When I first watched the video I thought I was doing pretty much as he suggested. I was reading 10-Ks and manually entering numbers into a spreadsheet that calculated the figures I liked to look at.
I felt like I was still missing something, so with the Daily Journal post, I used only a legal pad. Read the 10-Ks and calculated a few ratios out. I thought I was then on the right track, thinking more about the business and less about numbers.
However, I still wasn’t happy. I didn’t think I was looking into the numbers enough. I’m not sure if this was because I had looked at numbers for so long and subconsciously thought I needed more numbers in my analysis.
I decided to take Birner Dental Management, the company I felt I knew the most about, and using only a legal pad, analyze the company. I had numerous spreadsheets on BDMS, and I knew most of the figures, but I wanted to better understand the numbers. As Greenberg put it, I wanted to “internalize” the numbers.
So I went through all the 10-Ks again, reading them and calculating what I wanted to look at. I was amazed at what happened. I started to internalize the numbers. When I got up to grab a drink or eat something quickly, I had these numbers in my head that I was thinking about.
These thoughts weren’t “ROC was 52.x% last year and revenues were down 1%, etc.,” the thoughts were, “Well ROC is very good, and what can the company do to increase/decrease/maintain this figure, revenues have been somewhat flat but the company has been opening de novo offices which take more time to generate substantial revenue compared to buying existing offices, etc.”
The amazing thing to me, was these thoughts were almost subconscious. I was having these thoughts while doing everyday activities and every once and awhile a light bulb would go off in my head when I had a meaningful thought.
The whole process had me thinking more about the business rather than a spreadsheet full of numbers. I think that’s what Greenberg meant when he said:
“One thing that’s changed a lot is that we were much more qualitative, we didn’t have PCs to do these fabulous, complex multi-variable models, but I don’t think we lost anything by not having that available. It forced you to think more clearly about the quality of the business and what would give it legs as an investment, as opposed to tweaking models...”
I found myself thinking about aspects of the business I hadn’t thought of before.
I wasn’t looking at a page of numbers where I knew what they meant but didn’t fully understand the finer points of the business.
I don’t think this is something everyone would like to do, and I don’t think many people will even attempt it. It took some time. It would take me about an hour to enter 15 years worth of data into a spreadsheet, it took me about 5 hours doing 10 years by hand, and I didn’t track nearly as many aspects.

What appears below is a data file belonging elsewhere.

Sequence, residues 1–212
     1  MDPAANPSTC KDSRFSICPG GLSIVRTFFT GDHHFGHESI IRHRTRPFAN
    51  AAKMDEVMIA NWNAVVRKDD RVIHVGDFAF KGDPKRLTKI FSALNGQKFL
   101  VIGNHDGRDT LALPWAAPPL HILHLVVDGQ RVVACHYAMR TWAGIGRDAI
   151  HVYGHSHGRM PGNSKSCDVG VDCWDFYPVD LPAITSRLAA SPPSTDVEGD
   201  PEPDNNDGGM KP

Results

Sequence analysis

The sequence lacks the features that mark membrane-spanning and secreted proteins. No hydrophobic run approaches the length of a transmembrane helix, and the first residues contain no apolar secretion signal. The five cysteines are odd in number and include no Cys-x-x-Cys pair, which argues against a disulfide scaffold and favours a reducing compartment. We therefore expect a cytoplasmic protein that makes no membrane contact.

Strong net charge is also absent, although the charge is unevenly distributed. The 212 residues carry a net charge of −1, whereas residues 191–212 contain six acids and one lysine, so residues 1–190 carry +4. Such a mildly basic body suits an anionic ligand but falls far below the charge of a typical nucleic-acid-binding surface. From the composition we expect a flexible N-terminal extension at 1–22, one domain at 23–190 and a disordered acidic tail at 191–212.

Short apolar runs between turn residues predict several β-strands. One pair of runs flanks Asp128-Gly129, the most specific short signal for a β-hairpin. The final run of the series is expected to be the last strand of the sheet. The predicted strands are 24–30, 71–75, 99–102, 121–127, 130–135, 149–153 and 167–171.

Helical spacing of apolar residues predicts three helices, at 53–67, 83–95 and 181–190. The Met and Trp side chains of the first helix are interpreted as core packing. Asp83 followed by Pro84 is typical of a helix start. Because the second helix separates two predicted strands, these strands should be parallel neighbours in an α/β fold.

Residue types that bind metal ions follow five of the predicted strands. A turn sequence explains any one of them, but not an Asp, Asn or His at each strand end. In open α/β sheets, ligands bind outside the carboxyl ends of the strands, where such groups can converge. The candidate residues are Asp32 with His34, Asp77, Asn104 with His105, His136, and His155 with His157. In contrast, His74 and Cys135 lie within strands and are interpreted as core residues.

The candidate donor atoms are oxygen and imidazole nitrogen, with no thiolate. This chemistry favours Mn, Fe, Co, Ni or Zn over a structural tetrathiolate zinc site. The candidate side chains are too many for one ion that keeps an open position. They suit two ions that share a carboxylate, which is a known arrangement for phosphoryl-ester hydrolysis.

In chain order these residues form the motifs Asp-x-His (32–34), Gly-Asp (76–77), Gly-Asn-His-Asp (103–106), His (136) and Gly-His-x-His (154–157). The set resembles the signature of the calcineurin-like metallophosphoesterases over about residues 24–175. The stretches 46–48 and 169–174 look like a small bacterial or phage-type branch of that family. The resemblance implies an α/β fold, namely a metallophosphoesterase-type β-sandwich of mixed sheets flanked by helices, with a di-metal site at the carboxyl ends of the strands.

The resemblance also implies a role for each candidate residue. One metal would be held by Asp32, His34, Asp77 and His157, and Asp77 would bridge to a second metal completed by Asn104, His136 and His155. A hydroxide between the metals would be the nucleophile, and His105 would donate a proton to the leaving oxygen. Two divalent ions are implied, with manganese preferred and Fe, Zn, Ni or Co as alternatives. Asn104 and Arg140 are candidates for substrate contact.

I looked at the same amount of figures, but I was focused. I was looking at the bigger picture, not that receivables were up 3.2% year over year. When something caught my attention with what I was calculating, I would investigate.
What this lead to was a deeper understanding of the business, in my opinion. I found myself thinking long term. Not long term as in FCF/share should be x next year but long term as in thinking about how de novo offices consume part of the cash from operations but earn very acceptable returns on capital as they build a patient base and therefore should be welcomed by investors because management has proven they can allocate capital in a smart way. I found myself looking at the relationship between BV and buybacks.
I was thinking about where growth will come from. Again, not in terms of the company has grown x% over the last decade and should do so over the next five or so years, but the avenues available now and where management seems to be directing the company. How revenue per office can be misleading. If they’re buying offices you expect to see revenue per office steady or growing but when they develop an office the revenue per office falls until that offices can support itself.
In a sentence, I found myself thinking about the underlying business, not numbers on a screen.
I’m sure some investors think about these things when they use some type of automated spreadsheets, but I believe all investors would think and learn more about the business using a yellow pad to analyze a company.
Below are some screenshots of what I was using and then the yellow pad approach.
The first two pictures are the spreadsheets I used when I manually entered the data from the 10-Ks and the computer made the calculations.
The third is work done on yellow pads, and the fourth is the information I entered from the legal pads. The fourth is just a collection of numbers I calculated myself. I put them in the spreadsheet so I wouldn’t lose the information.
I came to the same conclusion using each approach. It’s a good business selling for less than it’s worth. Using the yellow pad, however, got me thinking on a deeper level and I’m better off for doing the analysis.
I imagine there’s going to be some opposition to this article, but I encourage you to try it out for yourself and I’d like to hear how you make out.